The conditions under which external experts are hired to give advice are such that usually they are responsible neither to the host country nor to the host organization for their recommendations, should they prove to be totally incorrect. Often they may be unfamiliar with the special conditions of the country to which they are called and are unable to remain there long enough to acquire such experience (partly for fear of being by-passed in their parent institutions, partly because the salaries demanded are exorbitant by host country standards). Those who do remain long enough tend to live among the social elite, associating mainly with other foreigners, and remaining aloof from their opposite numbers in the host country who live in humbler surroundings. To the extent that they are highly specialized, they are not particularly concerned to reach agreement with other experts in order to provide coherent recommendations taking into account the insights deriving from a variety of disciplines. Thus advice which is technically correct may in effect be economically catastrophic.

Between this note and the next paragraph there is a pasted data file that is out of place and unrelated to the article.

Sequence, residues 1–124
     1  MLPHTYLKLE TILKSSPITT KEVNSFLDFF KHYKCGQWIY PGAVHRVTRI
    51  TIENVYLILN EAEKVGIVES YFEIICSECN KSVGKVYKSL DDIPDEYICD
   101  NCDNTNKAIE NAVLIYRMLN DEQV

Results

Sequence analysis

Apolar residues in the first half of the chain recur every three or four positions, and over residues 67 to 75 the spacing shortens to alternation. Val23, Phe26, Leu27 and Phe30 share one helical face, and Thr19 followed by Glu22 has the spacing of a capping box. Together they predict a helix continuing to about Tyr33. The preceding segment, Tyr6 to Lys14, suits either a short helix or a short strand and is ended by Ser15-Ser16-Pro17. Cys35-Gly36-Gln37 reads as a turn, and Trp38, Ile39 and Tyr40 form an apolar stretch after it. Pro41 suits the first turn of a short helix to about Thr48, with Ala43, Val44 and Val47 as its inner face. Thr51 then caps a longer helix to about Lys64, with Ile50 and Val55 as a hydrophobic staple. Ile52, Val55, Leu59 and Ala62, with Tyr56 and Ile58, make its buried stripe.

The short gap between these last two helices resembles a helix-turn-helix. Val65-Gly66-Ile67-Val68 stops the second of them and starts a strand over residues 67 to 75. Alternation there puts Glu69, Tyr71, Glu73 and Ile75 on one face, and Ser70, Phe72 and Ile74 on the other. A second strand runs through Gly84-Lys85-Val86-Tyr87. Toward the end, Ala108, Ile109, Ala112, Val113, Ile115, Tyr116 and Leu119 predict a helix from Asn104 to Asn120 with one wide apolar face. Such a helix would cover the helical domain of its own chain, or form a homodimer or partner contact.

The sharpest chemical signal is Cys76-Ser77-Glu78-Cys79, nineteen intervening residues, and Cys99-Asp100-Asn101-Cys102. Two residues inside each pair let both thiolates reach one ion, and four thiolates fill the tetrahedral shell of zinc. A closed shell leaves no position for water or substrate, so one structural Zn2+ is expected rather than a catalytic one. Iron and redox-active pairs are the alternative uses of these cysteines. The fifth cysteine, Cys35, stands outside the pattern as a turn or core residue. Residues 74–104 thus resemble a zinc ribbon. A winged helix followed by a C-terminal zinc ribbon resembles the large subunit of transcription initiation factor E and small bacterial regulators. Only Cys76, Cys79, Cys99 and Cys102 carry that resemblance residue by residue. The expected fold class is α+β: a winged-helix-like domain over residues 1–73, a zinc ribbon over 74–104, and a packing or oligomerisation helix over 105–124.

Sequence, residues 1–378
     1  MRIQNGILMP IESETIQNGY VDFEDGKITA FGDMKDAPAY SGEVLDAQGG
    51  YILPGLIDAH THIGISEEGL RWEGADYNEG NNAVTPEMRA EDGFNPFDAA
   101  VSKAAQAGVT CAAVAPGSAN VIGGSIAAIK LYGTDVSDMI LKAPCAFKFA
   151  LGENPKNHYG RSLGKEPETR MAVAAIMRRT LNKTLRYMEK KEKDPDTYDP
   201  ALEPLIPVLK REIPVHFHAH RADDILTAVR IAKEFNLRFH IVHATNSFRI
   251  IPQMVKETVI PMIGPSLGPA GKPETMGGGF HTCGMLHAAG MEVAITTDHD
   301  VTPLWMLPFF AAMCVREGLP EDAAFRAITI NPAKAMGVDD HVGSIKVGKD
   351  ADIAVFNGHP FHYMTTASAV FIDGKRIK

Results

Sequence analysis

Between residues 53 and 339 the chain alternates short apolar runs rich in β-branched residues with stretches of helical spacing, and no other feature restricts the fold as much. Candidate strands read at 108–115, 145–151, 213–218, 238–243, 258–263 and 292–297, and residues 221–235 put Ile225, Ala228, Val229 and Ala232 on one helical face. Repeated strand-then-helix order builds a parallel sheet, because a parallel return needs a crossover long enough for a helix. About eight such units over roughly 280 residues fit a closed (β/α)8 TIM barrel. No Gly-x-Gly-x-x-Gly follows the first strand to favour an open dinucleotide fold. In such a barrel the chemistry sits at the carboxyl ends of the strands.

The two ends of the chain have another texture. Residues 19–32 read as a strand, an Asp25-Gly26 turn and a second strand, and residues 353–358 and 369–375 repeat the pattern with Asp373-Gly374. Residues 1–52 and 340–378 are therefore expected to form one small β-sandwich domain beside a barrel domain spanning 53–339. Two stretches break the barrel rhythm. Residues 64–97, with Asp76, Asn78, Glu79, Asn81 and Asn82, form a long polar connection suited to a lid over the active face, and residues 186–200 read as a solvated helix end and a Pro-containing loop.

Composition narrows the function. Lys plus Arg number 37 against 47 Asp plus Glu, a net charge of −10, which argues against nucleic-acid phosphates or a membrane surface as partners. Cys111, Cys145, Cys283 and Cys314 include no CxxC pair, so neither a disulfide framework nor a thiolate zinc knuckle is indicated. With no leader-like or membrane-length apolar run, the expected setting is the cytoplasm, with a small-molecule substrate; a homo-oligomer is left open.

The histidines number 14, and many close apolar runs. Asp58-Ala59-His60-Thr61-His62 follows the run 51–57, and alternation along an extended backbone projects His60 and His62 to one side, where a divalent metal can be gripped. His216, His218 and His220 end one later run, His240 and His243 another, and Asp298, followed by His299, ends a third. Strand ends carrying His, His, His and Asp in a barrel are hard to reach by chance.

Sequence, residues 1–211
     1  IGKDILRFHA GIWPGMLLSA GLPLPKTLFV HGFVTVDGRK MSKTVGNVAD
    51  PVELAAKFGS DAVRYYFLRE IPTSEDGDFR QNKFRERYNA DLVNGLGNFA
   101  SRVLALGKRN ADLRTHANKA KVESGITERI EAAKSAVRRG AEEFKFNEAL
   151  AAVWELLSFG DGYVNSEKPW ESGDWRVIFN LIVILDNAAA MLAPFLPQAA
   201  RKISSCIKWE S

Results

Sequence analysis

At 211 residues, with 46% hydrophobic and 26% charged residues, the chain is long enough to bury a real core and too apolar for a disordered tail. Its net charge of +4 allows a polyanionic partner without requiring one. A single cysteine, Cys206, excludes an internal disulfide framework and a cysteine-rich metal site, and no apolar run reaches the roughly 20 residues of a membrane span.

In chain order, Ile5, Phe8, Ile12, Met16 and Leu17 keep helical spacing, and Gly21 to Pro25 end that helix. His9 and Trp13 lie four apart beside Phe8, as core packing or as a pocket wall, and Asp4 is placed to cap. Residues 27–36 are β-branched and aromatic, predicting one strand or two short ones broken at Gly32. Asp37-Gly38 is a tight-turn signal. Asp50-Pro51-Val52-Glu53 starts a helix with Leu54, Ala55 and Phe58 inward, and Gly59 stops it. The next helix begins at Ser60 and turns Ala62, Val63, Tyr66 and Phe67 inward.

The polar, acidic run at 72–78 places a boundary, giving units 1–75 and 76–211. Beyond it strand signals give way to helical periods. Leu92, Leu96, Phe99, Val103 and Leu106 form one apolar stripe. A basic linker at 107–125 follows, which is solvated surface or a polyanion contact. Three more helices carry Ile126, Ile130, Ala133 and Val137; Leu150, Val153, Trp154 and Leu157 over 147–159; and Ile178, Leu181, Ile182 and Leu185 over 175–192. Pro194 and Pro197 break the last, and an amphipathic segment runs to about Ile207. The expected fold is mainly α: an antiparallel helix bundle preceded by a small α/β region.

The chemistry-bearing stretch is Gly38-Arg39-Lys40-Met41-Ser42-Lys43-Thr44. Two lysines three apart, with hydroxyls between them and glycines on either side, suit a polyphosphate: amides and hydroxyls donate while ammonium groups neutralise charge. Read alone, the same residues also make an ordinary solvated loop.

Russians have complained that, after the breakup of the Soviet Union, they were flooded with foreign advisors and consultants who charged high fees and then left without having made any significant contribution.
Developing countries have become the playground for western experts and their world-class egos.